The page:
- New research from the Center for American Progress has found that 70% of new teachers are staying in the field for at least five years, an increase of about 20-30% compared to prior studies.
- Robert Hanna, one of the study's researchers, told the Huffington Post that he did not know why the numbers rose.
- The study was a replication of a report by University of Pennsylvania education researcher Richard Ingersoll, who in the past found that only 40-50% of beginning teachers stayed in the classroom for five years.
Interestingly, the study found the increase was consistent in both low- and high-income districts.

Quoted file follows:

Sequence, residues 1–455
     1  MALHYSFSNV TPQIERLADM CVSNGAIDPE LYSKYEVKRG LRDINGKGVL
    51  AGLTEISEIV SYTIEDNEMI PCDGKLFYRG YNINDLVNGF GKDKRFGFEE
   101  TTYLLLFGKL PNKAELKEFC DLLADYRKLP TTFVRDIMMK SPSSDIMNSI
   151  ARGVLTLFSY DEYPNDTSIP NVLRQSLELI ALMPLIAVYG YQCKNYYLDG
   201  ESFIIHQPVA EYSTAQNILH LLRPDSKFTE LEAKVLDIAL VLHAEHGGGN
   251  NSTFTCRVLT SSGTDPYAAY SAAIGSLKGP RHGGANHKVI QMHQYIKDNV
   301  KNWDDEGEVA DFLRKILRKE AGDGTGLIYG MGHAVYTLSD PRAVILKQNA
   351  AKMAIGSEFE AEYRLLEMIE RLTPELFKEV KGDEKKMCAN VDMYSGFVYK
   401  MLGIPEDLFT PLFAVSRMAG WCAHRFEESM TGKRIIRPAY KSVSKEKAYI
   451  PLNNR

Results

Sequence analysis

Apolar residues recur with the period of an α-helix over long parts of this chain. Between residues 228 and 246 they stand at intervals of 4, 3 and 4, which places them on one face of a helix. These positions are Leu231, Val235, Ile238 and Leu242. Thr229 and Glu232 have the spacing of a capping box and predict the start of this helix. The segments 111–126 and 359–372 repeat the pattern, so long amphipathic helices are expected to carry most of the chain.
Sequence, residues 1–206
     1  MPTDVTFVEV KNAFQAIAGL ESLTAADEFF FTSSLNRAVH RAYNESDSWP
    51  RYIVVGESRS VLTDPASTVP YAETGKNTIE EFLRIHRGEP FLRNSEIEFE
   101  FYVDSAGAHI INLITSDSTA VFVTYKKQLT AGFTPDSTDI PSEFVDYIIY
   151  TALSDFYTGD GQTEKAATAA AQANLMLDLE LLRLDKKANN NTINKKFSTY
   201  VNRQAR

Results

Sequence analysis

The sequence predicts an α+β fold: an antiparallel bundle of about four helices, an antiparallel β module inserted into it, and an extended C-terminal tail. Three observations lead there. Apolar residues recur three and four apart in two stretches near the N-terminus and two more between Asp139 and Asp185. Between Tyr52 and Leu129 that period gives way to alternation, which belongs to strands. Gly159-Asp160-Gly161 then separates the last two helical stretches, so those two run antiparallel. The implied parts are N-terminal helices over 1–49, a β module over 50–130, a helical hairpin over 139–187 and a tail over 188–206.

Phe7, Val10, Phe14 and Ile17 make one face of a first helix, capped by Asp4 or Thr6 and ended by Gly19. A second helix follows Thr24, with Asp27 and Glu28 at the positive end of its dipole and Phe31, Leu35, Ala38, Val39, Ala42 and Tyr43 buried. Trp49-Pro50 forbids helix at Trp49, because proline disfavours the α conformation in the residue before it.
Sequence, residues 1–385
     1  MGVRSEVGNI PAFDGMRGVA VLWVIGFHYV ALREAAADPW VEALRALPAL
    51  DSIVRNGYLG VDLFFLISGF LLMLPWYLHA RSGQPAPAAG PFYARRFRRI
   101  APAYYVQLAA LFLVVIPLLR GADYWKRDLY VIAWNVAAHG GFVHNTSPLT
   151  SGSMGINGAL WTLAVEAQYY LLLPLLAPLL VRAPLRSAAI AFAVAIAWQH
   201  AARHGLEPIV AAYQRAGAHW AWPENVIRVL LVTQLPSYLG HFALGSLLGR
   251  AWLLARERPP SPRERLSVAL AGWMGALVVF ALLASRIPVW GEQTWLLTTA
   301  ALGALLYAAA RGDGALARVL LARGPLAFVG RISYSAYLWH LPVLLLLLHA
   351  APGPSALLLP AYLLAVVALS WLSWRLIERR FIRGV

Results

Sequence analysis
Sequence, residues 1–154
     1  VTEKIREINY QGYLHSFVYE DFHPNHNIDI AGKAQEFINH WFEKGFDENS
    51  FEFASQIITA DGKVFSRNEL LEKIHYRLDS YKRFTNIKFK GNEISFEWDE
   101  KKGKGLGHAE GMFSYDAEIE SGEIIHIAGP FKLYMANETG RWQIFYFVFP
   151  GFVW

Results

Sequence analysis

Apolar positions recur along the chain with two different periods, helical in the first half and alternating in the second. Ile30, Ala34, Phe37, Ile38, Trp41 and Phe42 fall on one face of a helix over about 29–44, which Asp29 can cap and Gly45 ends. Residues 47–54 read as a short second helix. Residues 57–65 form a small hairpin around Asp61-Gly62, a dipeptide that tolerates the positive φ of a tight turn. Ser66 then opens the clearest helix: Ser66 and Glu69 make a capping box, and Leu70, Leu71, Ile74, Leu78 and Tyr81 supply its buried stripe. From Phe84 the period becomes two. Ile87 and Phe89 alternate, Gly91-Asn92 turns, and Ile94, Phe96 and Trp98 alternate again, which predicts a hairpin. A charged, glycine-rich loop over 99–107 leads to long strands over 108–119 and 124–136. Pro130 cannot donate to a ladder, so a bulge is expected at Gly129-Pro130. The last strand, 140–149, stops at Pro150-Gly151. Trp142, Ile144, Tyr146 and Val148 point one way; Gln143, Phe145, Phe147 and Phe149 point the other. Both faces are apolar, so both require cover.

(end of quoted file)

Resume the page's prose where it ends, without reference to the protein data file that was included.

Penn's Ingersoll, who did the original research, had been a high-school social studies and algebra teacher in public and private schools before quitting to get his Ph.D in sociology and joining U Penn's staff. When interviewed by The Atlantic in 2013, he explained, "One of the big reasons I quit was sort of intangible. But it’s very real: It’s just a lack of respect. Teachers in schools do not call the shots. They have very little say. They’re told what to do; it’s a very disempowered line of work.”